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U.S. Bank Trust, N.A. v. Sadique

Supreme Court of New York, Second Department

December 18, 2019

U.S. Bank Trust, N.A., etc., respondent,
v.
Iffat Ara Sadique, etc., et al., appellants. Index No. 11173/09

          Submitted - October 17, 2019

         D61551 M/htr

          Petroff Amshen LLP, Brooklyn, NY (Serge F. Petroff, Steven Amshen, and James Tierney of counsel), for appellants.

          Gross Polowy, LLC, Westbury, NY (Stephen J. Vargas and Dyzio J. Guzierowicz of counsel), for respondent.

          CHERYL E. CHAMBERS, J.P. LEONARD B. AUSTIN HECTOR D. LASALLE BETSY BARROS, JJ.

          DECISION & ORDER

         In an action to foreclose a mortgage, the defendants appeal from an order and judgment of foreclosure and sale (one paper) of the Supreme Court, Nassau County (Thomas A. Adams, J.), entered June 15, 2017. The order and judgment of foreclosure and sale, upon an order of the same court entered October 25, 2016, inter alia, granting those branches of the plaintiff's motion which were for summary judgment on the complaint and to appoint a referee to compute the amount due to the plaintiff, and denying that branch of the defendants' cross motion which was for summary judgment dismissing the complaint, granted the plaintiff's motion for a judgment of foreclosure and sale and directed the sale of the subject property.

         ORDERED that the order and judgment of foreclosure and sale is reversed, on the law, with costs, those branches of the plaintiff's motion which were for summary judgment on the complaint and to appoint a referee to compute the amount due to the plaintiff are denied, the plaintiff's motion for a judgment of foreclosure and sale is denied, and the order entered October 25, 2016, is modified accordingly.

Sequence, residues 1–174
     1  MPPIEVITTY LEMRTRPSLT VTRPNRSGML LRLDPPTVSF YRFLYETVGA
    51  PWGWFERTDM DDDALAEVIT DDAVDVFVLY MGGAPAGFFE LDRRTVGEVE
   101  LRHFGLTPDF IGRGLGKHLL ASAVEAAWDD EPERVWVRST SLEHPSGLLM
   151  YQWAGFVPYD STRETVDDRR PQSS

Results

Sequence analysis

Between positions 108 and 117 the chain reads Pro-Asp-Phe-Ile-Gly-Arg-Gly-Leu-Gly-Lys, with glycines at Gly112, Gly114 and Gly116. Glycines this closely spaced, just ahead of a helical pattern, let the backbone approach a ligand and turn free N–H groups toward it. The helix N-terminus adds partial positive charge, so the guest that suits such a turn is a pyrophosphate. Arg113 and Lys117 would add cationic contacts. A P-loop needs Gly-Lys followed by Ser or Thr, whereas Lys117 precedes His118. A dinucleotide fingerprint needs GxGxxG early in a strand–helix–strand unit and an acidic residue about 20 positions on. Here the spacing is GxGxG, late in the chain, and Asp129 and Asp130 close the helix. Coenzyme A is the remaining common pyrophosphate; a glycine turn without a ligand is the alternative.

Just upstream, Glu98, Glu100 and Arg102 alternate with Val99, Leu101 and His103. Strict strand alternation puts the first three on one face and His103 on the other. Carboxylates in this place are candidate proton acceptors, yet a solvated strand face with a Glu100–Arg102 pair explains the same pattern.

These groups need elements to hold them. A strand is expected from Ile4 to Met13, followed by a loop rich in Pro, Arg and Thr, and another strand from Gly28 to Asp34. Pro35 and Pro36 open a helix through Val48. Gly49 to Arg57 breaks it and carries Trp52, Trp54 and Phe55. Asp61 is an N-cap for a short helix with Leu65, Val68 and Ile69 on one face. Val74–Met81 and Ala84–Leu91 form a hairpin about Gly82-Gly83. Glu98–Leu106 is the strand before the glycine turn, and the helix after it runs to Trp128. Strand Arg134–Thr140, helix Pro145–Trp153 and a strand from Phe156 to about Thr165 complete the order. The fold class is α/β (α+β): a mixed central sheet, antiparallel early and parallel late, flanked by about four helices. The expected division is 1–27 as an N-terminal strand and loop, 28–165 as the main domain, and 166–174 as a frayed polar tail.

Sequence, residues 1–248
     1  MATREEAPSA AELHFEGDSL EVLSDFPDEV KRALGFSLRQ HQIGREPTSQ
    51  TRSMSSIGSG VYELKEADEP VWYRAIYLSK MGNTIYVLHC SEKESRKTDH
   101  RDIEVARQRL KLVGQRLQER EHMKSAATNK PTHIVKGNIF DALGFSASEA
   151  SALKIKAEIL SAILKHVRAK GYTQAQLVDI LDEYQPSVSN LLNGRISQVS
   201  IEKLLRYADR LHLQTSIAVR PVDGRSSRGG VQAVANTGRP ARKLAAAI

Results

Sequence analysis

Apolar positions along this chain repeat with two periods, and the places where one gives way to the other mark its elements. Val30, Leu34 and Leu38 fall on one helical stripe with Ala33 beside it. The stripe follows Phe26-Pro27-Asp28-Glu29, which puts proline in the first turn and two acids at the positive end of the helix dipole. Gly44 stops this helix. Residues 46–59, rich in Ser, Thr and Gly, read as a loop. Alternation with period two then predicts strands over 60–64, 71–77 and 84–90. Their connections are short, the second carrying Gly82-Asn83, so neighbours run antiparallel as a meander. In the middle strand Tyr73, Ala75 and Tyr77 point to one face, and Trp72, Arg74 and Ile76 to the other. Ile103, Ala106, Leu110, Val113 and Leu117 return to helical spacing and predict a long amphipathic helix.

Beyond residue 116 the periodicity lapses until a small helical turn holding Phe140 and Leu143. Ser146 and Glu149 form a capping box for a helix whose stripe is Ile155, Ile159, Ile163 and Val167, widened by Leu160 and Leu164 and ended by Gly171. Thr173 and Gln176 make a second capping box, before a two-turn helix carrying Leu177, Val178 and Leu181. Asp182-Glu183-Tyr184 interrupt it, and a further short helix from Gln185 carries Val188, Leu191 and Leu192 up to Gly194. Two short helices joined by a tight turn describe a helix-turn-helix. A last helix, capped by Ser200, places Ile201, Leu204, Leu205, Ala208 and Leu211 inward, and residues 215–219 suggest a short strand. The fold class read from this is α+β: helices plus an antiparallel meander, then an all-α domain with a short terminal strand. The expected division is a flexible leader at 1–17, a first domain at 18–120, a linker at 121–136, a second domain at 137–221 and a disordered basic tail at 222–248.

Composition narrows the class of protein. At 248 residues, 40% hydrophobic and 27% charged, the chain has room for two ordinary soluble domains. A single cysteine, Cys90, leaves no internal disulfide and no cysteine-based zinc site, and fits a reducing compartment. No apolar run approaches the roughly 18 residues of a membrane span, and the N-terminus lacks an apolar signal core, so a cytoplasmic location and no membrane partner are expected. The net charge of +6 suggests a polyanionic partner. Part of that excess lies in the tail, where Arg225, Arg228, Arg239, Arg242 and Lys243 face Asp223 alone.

In June 2009, the plaintiff's predecessor in interest commenced this action to foreclose a mortgage, alleging that the defendants executed a note in the principal sum of $639, 456.62 secured by a mortgage against the defendants' property. The defendants allegedly defaulted under the terms of the note by failing to remit the monthly payment due on or about April 29, 2009. The defendants interposed an answer asserting various affirmative defenses, including failure to comply with the 90-day notice requirement set forth in RPAPL 1304. The plaintiff was assigned the note and mortgage in June 2014 and was thereafter substituted for its predecessor in interest in this action.

         The plaintiff moved, inter alia, for summary judgment on the complaint and to appoint a referee to compute the amount due to the plaintiff. The defendants cross-moved, inter alia, for summary judgment dismissing the complaint. In an order entered October 25, 2016, the Supreme Court, among other things, granted those branches of the plaintiff's motion and denied that branch of the defendants' cross motion. Thereafter, the court entered an order and judgment of foreclosure and sale, inter alia, directing the sale of the subject property. The defendants appeal.

         "[P]roper service of RPAPL 1304 notice on the borrower or borrowers is a condition precedent to the commencement of a foreclosure action, and the plaintiff has the burden of establishing satisfaction of this condition" (Citimortgage, Inc. v Banks, 155 A.D.3d 936, 936-937 [internal quotation marks omitted]; see Aurora Loan Servs., LLC v Weisblum, 85 A.D.3d 95). Alternatively, the plaintiff bears the burden of establishing, prima facie, that RPAPL 1304 is inapplicable, as the loan is not subject to the notice requirements set forth in RPAPL 1304 (see U.S. Bank N.A. v Richard, 151 A.D.3d 1001, 1003; Flushing Sav. Bank v Latham, 139 A.D.3d 663, 665).